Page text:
As Ed Morrissey recently pointed out, President Trump has received some of the only good news going around the country lately, coming in the form of the best approval ratings of his presidency. This has been a serious problem for most of the major liberal newspapers and cable news outlets who generally continue to insist that the Bad Orange Man is always Bad, no matter what happens. The majority of them have avoided talking about his improved ratings, or if they do, they add in every caveat imaginable about how it either won’t last or doesn’t matter.

Not everyone has buried the news entirely under the rug, however. The distressing fact (for the left) that nearly two-thirds of the public approves of how Trump is handling the pandemic came to the attention of Professor Matthew Baum, a professor of public policy at Harvard University’s John F. Kennedy School of Government. Never one to be daunted by alarming aspects of reality, Professor Baum took to the pages of the Los Angeles Times op-eds to puzzle out what could possibly make an increasing number of presumably otherwise normal Americans say that Donald Trump may not, in fact, be the Devil. And he’s determined to get to the bottom of it.

The number of cases of COVID-19 is soaring in the United States. The economy is in free fall. Tens of millions of Americans are locked down in their homes. Hospitals around the country are becoming overwhelmed by the day. The U.S. is arguably facing its most severe crisis since World War II.

Yet despite the worsening pandemic and withering criticism of President Trump’s performance by public health experts and media pundits, his overall approval rating is up 5 percentage points in the most recent weekly Gallup poll. For only the second time in his presidency, Gallup found more Americans approving (49%) than disapproving (45%) of his job performance. Some 60% gave him positive reviews for his handling of the pandemic.

What accounts for this?

Yes, what could possibly account for this indeed, Professor?

Professor Baum gamely takes a few stabs at guessing what might have accounted for the President’s higher approval ratings. He starts by citing what’s sometimes referred to as the “rally-round-the-flag” effect. It’s the theory that when the country is facing a moment of crisis or tremendous challenge, people tend to be more inclined to stand behind their elected leaders who are expected to guide them to calmer waters. He cites FDR’s double-digit spike in approval after the Germans bombed Pearl Harbord. (Sorry… I still can’t resist a good Animal House reference.) Even more striking was George W. Bush’s 35 point leap in approval after 9/11.

I’m sure that’s part of the explanation, but it can’t be all of it. After all, almost everyone on MSNBC and CNN, along with the raw tonnage of editorials and op-eds cranked out by the New York Times and the WaPo reassure us on a daily basis that not only does the country largely detest Donald Trump, but he’s mishandled the coronavirus response from day one. (Never mind that many of their main items of criticism have either had to be walked back or were found to be bogus.)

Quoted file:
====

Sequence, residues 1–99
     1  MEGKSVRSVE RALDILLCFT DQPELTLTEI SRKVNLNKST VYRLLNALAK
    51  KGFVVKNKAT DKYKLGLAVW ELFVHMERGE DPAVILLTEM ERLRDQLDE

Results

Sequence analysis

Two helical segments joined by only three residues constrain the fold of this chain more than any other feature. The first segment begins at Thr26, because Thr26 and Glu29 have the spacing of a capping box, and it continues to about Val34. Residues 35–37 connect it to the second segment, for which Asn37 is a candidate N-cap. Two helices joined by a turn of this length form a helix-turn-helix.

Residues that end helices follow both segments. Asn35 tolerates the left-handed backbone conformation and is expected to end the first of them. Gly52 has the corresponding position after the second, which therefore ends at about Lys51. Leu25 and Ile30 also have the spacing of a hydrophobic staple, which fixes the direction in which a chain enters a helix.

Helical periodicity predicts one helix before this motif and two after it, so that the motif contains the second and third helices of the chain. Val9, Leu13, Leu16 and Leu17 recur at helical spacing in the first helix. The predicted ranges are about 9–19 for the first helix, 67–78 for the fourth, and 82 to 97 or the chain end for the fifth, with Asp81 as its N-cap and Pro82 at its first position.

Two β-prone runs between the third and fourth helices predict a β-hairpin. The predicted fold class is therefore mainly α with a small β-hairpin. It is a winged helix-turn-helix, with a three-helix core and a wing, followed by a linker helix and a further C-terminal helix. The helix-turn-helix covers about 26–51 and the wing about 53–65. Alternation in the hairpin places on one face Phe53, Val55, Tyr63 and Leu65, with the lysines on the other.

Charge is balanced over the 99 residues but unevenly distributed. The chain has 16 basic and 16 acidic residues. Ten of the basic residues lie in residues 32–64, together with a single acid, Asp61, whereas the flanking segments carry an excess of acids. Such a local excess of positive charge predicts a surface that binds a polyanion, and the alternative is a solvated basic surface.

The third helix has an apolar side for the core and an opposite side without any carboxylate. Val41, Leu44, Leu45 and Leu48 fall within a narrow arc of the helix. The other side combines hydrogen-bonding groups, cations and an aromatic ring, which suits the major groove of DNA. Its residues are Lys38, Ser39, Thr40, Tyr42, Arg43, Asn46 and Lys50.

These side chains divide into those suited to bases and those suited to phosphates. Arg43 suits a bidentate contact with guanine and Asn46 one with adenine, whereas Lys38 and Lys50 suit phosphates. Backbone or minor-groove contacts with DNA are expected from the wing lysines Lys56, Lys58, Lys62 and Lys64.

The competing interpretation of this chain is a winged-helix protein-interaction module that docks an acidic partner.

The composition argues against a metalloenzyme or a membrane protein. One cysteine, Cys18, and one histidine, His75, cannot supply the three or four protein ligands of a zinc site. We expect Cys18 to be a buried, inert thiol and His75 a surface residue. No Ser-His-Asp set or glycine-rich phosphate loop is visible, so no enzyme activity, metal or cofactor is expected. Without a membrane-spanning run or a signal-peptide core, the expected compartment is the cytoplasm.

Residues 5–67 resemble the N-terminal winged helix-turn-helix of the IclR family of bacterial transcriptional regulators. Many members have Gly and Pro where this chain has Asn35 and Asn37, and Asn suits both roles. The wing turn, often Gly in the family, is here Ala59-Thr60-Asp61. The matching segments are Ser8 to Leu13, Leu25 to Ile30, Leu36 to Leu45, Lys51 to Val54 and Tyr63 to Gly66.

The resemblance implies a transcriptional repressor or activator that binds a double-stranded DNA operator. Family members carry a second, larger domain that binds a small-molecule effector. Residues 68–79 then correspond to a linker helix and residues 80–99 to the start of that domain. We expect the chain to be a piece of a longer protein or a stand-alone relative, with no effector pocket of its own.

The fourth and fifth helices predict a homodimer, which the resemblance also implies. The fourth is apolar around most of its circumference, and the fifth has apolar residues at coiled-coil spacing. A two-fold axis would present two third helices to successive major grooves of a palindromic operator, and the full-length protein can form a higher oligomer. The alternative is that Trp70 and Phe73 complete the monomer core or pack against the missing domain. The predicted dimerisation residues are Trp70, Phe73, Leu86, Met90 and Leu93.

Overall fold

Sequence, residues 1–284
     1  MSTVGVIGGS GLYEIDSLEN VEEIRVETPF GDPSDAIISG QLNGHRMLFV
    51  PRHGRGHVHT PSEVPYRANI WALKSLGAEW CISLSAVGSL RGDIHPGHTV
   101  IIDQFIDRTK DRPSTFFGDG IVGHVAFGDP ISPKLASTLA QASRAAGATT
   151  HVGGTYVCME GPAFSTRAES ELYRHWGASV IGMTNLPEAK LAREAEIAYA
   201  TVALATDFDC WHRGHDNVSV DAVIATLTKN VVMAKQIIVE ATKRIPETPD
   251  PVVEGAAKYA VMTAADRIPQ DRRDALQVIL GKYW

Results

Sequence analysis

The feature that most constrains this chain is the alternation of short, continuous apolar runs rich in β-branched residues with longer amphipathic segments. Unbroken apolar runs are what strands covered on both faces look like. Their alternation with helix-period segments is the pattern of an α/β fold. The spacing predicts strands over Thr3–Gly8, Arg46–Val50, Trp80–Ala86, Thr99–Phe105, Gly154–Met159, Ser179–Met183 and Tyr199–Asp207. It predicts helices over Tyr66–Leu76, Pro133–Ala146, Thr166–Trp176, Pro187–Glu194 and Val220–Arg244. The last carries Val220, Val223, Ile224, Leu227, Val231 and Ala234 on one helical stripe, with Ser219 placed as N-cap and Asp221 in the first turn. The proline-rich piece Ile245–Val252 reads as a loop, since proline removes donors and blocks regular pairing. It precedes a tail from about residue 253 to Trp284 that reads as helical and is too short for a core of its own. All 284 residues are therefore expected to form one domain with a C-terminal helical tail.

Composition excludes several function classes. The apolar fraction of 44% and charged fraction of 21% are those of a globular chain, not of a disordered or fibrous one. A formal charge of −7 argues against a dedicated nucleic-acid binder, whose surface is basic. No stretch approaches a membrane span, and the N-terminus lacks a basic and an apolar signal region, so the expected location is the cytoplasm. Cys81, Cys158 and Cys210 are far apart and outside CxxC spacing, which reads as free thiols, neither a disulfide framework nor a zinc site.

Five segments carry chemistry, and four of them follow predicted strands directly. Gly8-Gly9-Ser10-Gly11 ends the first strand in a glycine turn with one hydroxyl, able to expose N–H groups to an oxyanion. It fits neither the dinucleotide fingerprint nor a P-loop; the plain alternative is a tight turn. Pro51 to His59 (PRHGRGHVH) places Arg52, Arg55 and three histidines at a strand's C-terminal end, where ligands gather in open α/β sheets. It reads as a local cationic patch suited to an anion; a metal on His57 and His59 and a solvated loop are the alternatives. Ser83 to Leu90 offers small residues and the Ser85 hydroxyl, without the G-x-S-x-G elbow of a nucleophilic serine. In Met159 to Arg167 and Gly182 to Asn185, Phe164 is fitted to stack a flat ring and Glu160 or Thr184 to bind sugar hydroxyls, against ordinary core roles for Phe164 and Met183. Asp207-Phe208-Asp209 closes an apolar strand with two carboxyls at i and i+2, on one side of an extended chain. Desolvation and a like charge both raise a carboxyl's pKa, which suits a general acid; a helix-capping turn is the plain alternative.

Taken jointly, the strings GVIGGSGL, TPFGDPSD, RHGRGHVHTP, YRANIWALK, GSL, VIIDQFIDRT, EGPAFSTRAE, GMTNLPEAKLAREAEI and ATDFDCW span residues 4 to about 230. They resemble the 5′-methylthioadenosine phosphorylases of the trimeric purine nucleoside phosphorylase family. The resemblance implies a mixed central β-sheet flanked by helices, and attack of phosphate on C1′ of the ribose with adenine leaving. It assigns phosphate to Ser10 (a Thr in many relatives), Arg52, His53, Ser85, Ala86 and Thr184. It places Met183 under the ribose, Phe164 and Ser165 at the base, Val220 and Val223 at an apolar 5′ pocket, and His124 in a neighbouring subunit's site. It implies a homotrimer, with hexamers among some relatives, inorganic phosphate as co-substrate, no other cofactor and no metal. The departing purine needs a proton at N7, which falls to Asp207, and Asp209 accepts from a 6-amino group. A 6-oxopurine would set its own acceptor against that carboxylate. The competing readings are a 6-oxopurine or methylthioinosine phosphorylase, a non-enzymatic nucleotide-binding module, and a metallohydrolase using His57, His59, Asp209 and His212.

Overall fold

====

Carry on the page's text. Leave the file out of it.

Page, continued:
Allow me to translate that for you. According to the good Professor, the bump in the polls would have happened no matter who was in office and as such, it couldn’t be attributed to the President’s actual performance.

The one concept which seems to completely elude Professor Baum is that maybe… just maybe… even some of the voters who may not find Trump to be their cup of tea on a daily basis recognize that the pandemic is a massive challenge that won’t be solved overnight. Perhaps those same persuadable people realize that the travel ban Trump instituted early (and was roundly criticized for in the media) was one of the factors that slowed down the spread of the virus long enough for us to try to prepare as well as we could. It’s possible that they noticed how he has gathered together a panel of experts and has largely listened to their advice, even if he still goes on the occasional Twitter rant making them wonder if he was going to follow through.

In other words, while the concept is clearly unthinkable to Professor Baum, it’s just conceivable that Trump’s numbers are gliding upward because more people are beginning to believe that there’s more to this presidency than just Donald Trump’s social media presence and that he’s actually capable of handling one of the greatest challenges we’ve faced in many generations. A crazy idea, I know. But maybe it’s so crazy that it just might be right.

Professor Baum wouldn’t leave his target audience of Trump-haters hanging on a depressing note. He has some good news for the faithful and he sums it up this way.

Improvements in public approval ratings are notoriously ephemeral — usually lasting only a month or so. The COVID-19 rally seems unlikely to last long enough to help Trump’s reelection effort.

Indeed, as the campaign season approaches, the bipartisan support he has thus far received will almost certainly diminish.

See? Nothing to worry about. Trump can’t possibly sustain any improvement in his poll numbers and they will almost certainly go back down in time for the election. Now everyone can go back to eating their avocado toast and agreeing how horrible the Bad Orange Man is.

What actually happens to Trump’s approval numbers from now until November will, in reality, almost certainly depend largely on how well he does getting us past this pandemic (assuming that’s even possible by the end of the summer) and beginning to return the economy to something resembling normal. If that effort fails, he likely will lose the ground he’s gaining. After all, the captain of the ship takes the blame when it hits an iceberg even if he wasn’t at the helm. But if we pull this feat off, Baum may be in for an unpleasant surprise come November.